A coordinated series of try-outs, conducted across the AHDB Monitor Farm network, will test the potential of using biostimulant products as part of a sustainable agronomy programme.
Spanning from Truro to Morayshire, the 16 AHDB Monitor Farm locations selected to take part in the try-outs represent a wide range of environmental conditions.
Running over three years, biostimulants will be tested on several combinable crops, including wheat, barley and oilseed rape.
The work will promote discussion on the benefits of biostimulants and give growers the confidence to conduct on-farm trials and interpret findings.
An AHDB review, completed in 2016, found evidence of a significant increase in yield in at least one experiment for nine of the 11 biostimulant product categories assessed.
Due to the biological nature of these products, however, consistent benefits were not observed in trials conducted on cereals and data for oilseed rape was lacking.
Philip Dolbear, AHDB Knowledge Exchange Manager for the South West, said: “Our review demonstrated the potential of biostimulants but also made it clear that environmental conditions can make the difference between success and failure.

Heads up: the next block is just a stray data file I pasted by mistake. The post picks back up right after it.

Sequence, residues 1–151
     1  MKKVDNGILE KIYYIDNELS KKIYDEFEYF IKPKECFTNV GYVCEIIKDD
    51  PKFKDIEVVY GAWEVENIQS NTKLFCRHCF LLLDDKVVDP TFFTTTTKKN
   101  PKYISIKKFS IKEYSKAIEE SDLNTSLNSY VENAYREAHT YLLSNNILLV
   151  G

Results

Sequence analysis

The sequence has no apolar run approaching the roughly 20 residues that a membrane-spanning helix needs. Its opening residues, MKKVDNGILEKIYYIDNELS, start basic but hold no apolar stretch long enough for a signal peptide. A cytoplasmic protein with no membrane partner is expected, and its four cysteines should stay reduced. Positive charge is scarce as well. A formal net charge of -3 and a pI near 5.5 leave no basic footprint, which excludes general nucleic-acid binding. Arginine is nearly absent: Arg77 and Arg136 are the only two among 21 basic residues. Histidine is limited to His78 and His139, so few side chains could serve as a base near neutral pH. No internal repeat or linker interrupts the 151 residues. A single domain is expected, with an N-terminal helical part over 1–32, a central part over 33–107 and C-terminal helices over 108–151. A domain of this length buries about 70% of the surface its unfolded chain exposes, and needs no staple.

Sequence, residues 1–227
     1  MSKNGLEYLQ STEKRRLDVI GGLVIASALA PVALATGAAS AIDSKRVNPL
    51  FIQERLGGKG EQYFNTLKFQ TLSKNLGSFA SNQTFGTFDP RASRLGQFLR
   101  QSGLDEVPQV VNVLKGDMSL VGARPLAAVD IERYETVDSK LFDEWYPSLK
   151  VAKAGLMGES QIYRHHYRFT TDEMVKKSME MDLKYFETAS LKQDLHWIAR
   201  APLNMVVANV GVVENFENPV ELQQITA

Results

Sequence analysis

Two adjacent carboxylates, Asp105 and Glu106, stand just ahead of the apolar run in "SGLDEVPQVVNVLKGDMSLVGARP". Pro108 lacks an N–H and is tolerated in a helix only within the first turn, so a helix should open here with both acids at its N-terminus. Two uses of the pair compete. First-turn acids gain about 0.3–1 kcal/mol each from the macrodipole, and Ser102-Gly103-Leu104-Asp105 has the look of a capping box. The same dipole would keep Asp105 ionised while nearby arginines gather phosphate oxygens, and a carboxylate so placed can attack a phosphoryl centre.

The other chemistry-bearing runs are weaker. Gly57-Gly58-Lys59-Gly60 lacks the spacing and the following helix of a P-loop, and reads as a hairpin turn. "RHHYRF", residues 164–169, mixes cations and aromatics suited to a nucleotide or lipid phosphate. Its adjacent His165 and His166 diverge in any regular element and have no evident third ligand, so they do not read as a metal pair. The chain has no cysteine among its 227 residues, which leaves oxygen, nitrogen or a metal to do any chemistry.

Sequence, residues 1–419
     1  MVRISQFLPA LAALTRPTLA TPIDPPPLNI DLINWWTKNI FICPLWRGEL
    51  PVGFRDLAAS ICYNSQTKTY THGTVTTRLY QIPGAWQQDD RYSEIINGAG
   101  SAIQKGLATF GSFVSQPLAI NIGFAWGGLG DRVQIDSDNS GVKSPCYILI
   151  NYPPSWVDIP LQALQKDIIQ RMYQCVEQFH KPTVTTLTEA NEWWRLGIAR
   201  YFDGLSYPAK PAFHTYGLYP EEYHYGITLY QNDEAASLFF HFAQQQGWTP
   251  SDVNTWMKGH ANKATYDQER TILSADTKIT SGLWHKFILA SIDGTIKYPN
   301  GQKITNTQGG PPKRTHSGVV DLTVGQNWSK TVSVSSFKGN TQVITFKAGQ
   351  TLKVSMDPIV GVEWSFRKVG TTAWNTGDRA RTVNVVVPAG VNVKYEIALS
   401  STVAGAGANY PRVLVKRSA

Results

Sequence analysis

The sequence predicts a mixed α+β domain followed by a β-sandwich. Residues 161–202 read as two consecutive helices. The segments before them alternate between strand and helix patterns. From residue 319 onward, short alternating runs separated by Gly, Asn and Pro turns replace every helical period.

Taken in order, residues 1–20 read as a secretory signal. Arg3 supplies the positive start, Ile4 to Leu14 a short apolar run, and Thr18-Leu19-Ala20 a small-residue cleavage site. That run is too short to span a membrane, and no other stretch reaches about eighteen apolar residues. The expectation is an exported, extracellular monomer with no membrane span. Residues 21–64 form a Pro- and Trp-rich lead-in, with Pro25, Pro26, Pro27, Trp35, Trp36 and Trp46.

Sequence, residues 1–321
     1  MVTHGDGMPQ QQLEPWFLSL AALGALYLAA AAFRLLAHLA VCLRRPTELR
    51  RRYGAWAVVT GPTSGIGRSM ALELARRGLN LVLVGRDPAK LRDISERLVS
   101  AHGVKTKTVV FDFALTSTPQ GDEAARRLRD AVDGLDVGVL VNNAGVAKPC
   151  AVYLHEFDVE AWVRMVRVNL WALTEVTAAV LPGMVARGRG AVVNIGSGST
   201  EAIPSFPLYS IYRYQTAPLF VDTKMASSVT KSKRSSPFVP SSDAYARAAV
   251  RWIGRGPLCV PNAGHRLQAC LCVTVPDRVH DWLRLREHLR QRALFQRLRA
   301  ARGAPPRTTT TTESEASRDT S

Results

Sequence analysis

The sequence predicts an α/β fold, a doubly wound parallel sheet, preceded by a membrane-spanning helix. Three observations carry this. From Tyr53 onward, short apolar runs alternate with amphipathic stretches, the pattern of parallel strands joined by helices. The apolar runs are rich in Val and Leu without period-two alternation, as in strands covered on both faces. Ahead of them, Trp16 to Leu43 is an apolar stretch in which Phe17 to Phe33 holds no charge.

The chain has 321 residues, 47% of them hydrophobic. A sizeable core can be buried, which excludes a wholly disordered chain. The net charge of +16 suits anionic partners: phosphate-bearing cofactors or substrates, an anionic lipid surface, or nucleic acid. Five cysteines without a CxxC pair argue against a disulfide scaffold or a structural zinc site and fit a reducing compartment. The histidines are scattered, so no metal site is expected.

“These try-outs test biostimulants in a range of conditions and all follow the same protocol to help establish if such products work in these specific situations.”
The biostimulant market has expanded rapidly in recent years with numerous companies selling a wide range of products.
The four products used in the try-outs all include microbial and non-microbial components. Donated by Alltech Crop Science, they include a liquid product applied to the soil at planting and a foliar-applied liquid product.
Treatments will be applied to 2.5 ha of crop and compared to untreated crop in the same field. Various growth, yield and quality parameters will be measured.
Results will be analysed independently and presented at Monitor Farm meetings. The impact on crop yield, quality and margin will be discussed.
Regional Technical Sales Manager for Alltech, Andrew Linscott, said: “This is a great platform to help farmers see and understand the potential benefits of using such technology, including how biostimulants should be used and what they can do.”
For details of Monitor Farm meetings, visit cereals.ahdb.org.uk/monitorfarms